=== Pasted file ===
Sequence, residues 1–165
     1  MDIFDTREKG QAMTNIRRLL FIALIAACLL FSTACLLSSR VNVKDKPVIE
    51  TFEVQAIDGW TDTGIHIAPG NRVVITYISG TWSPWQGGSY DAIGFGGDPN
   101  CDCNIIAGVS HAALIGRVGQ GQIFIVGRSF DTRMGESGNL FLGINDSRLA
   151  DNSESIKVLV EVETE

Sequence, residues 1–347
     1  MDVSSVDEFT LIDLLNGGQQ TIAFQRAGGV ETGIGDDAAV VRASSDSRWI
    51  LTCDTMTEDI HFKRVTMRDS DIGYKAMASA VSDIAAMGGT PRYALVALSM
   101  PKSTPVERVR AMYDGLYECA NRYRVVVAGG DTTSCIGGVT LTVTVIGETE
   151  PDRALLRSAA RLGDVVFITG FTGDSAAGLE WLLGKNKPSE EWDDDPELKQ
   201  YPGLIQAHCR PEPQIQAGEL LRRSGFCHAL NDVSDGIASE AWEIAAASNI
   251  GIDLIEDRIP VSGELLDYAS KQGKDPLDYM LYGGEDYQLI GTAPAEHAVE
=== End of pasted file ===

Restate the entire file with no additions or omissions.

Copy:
Sequence, residues 1–165
     1  MDIFDTREKG QAMTNIRRLL FIALIAACLL FSTACLLSSR VNVKDKPVIE
    51  TFEVQAIDGW TDTGIHIAPG NRVVITYISG TWSPWQGGSY DAIGFGGDPN
   101  CDCNIIAGVS HAALIGRVGQ GQIFIVGRSF DTRMGESGNL FLGINDSRLA
   151  DNSESIKVLV EVETE

Sequence, residues 1–347
     1  MDVSSVDEFT LIDLLNGGQQ TIAFQRAGGV ETGIGDDAAV VRASSDSRWI
    51  LTCDTMTEDI HFKRVTMRDS DIGYKAMASA VSDIAAMGGT PRYALVALSM
   101  PKSTPVERVR AMYDGLYECA NRYRVVVAGG DTTSCIGGVT LTVTVIGETE
   151  PDRALLRSAA RLGDVVFITG FTGDSAAGLE WLLGKNKPSE EWDDDPELKQ
   201  YPGLIQAHCR PEPQIQAGEL LRRSGFCHAL NDVSDGIASE AWEIAAASNI
   251  GIDLIEDRIP VSGELLDYAS KQGKDPLDYM LYGGEDYQLI GTAPAEHAVE